The UK Foreign Office has launched a campaign to highlight the painful consequences of being involved in drug offences overseas, The Telegraph has reported.
Presently, more than 850 British nationals are serving terms for such offences in prisons around the world, in distressing conditions and often without being given clear dates for a trial, the Office has warned. The Prisoners Abroad charity said it is currently supporting 80 Britons between the ages of 18 and 30 held on drugs offences, with two-thirds of the detainees still waiting to be heard in court. The other third are serving sentences that range from a year to nearly 39 years.
Some countries and authorities employ a zero-tolerance approach that results in strict penalties for those convicted. For example, in Indonesia this year, a 57-year-old British grandmother was sentenced to death by firing squad for carrying cocaine in a suitcase. Possession, trafficking and manufacture of any illegal drugs are serious offences in Indonesia.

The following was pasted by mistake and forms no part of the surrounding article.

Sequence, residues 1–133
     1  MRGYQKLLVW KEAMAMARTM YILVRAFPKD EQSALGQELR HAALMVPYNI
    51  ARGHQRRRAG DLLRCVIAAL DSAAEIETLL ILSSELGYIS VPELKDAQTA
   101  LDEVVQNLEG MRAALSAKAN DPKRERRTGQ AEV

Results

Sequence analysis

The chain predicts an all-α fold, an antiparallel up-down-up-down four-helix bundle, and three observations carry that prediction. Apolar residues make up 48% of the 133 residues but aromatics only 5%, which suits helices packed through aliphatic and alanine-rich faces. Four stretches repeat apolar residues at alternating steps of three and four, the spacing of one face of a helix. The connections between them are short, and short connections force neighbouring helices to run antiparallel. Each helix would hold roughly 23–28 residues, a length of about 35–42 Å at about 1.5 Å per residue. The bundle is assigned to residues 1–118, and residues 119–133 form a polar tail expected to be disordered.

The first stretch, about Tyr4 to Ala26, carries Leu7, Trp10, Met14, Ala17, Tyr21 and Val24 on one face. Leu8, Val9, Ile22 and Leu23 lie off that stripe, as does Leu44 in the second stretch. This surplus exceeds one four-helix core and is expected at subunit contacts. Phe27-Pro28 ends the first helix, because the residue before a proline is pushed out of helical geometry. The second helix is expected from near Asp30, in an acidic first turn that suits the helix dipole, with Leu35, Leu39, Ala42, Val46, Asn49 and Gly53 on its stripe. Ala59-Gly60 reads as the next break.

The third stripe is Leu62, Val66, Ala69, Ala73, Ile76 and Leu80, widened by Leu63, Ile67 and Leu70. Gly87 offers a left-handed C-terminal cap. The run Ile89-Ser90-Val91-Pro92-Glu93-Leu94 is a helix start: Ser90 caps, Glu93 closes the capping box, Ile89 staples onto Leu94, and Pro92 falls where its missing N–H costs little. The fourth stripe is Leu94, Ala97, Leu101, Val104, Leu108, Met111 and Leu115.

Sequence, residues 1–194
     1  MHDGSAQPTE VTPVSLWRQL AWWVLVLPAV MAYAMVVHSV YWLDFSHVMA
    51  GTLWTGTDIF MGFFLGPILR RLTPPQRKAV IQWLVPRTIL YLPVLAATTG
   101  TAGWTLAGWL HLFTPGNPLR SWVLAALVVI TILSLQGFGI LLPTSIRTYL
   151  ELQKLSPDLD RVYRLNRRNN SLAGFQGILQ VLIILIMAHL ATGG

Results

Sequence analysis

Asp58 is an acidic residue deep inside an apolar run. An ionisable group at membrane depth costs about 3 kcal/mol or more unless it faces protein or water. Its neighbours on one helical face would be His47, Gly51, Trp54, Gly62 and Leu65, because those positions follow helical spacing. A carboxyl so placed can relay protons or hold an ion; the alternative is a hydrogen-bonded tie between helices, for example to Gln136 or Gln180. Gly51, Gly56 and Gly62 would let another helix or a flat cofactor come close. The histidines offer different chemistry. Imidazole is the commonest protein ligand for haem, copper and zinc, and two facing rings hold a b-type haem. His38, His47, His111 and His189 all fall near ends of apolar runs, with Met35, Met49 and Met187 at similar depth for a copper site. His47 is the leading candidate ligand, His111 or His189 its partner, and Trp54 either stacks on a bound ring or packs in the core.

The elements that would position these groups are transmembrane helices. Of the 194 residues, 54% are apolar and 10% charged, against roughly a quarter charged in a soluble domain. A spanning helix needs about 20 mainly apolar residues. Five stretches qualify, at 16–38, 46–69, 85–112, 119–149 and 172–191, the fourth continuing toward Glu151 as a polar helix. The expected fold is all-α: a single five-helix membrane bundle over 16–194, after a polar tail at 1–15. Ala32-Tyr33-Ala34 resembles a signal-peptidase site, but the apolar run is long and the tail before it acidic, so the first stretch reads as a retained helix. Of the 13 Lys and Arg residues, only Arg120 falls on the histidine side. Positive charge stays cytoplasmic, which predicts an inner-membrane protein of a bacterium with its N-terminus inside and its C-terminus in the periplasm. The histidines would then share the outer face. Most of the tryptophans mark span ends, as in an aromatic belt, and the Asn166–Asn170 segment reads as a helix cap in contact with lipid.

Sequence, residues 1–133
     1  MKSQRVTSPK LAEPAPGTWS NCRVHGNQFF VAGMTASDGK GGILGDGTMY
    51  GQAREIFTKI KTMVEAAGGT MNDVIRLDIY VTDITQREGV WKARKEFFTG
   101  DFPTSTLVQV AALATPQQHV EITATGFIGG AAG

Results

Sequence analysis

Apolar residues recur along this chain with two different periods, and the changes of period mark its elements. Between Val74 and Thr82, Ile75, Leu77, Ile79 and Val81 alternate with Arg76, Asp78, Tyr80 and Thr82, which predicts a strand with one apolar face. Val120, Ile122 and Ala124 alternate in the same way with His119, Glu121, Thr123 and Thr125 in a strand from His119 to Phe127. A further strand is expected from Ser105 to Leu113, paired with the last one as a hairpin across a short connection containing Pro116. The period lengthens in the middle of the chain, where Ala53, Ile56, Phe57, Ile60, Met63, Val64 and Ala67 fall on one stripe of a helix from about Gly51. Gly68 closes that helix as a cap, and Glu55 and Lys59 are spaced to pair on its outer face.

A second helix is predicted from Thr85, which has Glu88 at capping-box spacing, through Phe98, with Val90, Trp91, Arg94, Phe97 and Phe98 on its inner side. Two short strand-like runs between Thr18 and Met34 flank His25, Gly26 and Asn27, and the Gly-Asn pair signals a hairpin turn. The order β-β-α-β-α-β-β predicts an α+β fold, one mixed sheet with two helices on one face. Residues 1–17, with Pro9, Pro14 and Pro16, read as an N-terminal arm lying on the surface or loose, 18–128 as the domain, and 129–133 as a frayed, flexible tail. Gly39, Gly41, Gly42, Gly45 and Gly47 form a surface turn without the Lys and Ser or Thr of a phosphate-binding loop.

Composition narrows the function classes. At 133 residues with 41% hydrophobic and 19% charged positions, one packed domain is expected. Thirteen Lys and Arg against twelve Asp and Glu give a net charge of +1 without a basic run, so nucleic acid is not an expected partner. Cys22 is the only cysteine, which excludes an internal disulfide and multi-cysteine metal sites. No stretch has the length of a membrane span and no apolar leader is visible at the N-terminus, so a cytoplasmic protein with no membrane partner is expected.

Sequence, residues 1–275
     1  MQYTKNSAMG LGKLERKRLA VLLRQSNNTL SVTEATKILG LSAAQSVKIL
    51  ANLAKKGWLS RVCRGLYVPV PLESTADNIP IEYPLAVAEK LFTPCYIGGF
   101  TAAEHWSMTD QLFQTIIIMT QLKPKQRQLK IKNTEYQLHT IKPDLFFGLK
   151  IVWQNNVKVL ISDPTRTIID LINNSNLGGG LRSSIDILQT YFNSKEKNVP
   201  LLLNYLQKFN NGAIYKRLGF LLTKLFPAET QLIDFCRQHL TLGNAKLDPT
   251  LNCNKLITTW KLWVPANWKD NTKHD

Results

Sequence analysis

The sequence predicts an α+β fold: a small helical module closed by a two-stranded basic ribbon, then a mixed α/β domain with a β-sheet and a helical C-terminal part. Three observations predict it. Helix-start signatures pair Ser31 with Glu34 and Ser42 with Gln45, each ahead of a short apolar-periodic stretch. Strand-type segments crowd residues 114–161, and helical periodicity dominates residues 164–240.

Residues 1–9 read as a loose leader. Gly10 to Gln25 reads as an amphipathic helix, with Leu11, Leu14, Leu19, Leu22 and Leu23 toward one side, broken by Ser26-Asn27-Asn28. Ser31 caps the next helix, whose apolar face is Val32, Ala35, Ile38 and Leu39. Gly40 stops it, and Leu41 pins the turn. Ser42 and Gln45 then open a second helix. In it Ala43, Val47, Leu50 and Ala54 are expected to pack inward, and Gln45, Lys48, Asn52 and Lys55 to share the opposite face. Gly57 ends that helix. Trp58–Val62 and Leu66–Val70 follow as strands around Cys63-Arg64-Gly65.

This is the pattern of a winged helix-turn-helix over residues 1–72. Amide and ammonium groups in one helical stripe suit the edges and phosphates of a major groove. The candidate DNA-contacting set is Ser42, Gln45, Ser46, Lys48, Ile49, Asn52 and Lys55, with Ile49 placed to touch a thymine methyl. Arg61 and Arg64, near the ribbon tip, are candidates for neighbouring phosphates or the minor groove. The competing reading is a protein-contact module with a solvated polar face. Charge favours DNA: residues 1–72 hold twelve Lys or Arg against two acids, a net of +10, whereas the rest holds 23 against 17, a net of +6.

In countries like Thailand, possession of even very small quantities of drugs can lead to imprisonment. Possession in excess of 20 grams of a Class A drug could deem one a trafficker and could potentially lead to a death sentence.
In the United Arab Emirates, sentences for drug trafficking for possession of even the smallest amount of illegal drugs can lead to a minimum four-year jail sentence. The Emirati authorities count the presence of drugs in the blood stream as possession.
More than 30 British nationals are currently in prison in Peru for drugs offences. Drug smugglers face long terms of imprisonment -two young British women charged with cocaine smuggling are currently facing a minimum of six years in prison.
Mark Simmonds, minister for consular affairs, said. ‘In the last year alone consular staff handled over 650 drug-related cases. When it comes to drugs our message is clear – don’t take risks, the consequences are simply not worth it.’
Pauline Crowe, chief executive of Prisoners Abroad, also urged people to consider the unhygienic conditions, overcrowded cells, non-availability of food and clean water and the constant threat of disease before getting involved in drugs. Prisoners ‘may have to live through these conditions for many, many years,’ she said.